She wears an American flag pin on the lapel of her blazer. She sits on the jump seat, waiting for her life to change.

How To Destroy Angels

The Johnny Cash Project
Topic: Arts 7:52 am EDT, May 18, 2010

Participants may draw their own portrait of Johnny Cash to be integrated into the collective whole.

As people all over the world contribute, the project will continue to evolve and grow, one frame at a time.

See also:

You and 472 other people have the chance to recreate Star Wars: A New Hope.

Always remember:

There are 260 million people in America, and you are one of them.

The Johnny Cash Project

A Suitcase Full Of Cash
Topic: Society 7:41 am EDT, May  6, 2010

danah boyd:

When you think about Facebook, the market has very specific incentives: Encourage people to be public, increase ad revenue. All sorts of other things will happen from there.

Bill Gurley:

Customers seem to really like free as a price point. I suspect they will love "less than free."

Josh Harris:

Everything is free, except the video that we capture of you. That we own.


Big Data is made of people.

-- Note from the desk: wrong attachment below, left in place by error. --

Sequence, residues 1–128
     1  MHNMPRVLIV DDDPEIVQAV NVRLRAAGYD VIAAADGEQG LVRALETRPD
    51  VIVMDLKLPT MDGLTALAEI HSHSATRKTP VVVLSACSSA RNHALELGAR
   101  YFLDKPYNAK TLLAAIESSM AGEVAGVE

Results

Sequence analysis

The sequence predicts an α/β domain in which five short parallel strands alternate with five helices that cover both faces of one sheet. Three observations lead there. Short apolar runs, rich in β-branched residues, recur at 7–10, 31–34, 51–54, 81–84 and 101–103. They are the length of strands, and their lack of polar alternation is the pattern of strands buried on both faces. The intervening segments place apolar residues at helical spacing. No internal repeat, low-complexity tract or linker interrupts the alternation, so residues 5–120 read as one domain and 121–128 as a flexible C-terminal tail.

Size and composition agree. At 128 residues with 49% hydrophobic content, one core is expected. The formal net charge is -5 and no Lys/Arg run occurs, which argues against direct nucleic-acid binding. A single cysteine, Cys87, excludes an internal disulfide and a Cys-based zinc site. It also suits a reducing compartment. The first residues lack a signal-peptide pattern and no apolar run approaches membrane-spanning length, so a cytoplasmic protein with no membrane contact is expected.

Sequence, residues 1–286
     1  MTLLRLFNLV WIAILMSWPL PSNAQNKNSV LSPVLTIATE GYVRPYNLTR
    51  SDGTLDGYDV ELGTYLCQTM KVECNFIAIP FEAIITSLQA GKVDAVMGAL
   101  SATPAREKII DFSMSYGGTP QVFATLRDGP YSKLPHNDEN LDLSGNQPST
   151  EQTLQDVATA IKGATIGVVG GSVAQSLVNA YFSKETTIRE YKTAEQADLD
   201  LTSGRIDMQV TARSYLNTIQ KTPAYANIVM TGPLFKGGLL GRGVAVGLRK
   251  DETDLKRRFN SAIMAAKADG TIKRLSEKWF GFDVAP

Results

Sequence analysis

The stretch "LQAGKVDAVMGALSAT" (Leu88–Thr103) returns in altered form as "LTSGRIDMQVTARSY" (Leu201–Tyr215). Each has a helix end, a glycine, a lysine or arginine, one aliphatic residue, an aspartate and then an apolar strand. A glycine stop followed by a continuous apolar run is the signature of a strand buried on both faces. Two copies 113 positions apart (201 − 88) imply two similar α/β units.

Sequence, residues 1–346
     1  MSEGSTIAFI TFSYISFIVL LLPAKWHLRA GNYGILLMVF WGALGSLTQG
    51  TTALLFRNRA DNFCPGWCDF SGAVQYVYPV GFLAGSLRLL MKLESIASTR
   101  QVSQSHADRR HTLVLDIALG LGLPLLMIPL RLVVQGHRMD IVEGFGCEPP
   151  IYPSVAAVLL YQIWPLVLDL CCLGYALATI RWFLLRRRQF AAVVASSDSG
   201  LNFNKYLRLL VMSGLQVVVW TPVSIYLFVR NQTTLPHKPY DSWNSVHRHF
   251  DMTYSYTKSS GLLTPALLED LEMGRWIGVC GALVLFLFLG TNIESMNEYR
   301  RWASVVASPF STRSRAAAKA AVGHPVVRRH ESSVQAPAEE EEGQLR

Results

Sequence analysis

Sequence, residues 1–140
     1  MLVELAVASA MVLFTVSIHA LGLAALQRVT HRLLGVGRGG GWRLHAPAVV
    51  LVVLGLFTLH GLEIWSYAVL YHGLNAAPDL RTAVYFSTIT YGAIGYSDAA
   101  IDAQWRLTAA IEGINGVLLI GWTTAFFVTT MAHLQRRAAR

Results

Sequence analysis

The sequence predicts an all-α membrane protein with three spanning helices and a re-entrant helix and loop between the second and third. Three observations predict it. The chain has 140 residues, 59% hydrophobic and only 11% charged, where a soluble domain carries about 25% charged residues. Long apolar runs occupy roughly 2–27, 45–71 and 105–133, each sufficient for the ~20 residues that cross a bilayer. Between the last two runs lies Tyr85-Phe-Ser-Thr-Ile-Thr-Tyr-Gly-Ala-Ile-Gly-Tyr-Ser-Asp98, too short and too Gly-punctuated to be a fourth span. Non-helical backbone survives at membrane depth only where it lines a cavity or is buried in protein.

Money for me, databases for you.

Michael Osinski:

Oyster farmers eat lots of oysters, don't they?

Denton Gentry:

We might recoil from this, but I suspect it is not something which can be stopped. The technology has reached the point where these things are feasible, and there is a huge economic incentive to do so. A concerted effort to stop it results in the technology being less visible, not absent.


All the time you spend tryin to get back what's been took from you there's more goin out the door. After a while you just try and get a tourniquet on it.

Libby Purves:

There is a thrill in switching off the mobile, taking the bus to somewhere without CCTV and paying cash for your tea. You and your innocence can spend an afternoon alone together, unseen by officialdom.

Erasing David:

David Bond lives in one of the most intrusive surveillance states in the world. He decides to find out how much private companies and the government know about him by putting himself under surveillance and attempting to disappear, a decision that changes his life forever. Leaving his pregnant wife and young child behind, he is tracked across the database state on a chilling journey that forces him to contemplate the meaning of privacy and the loss of it.

Cordelia Dean:

There are those who suggest humanity should collectively decide to turn away from some new technologies as inherently dangerous.

Marc Lacey:

In other words, there has to be a line people will not cross, even for a suitcase full of cash.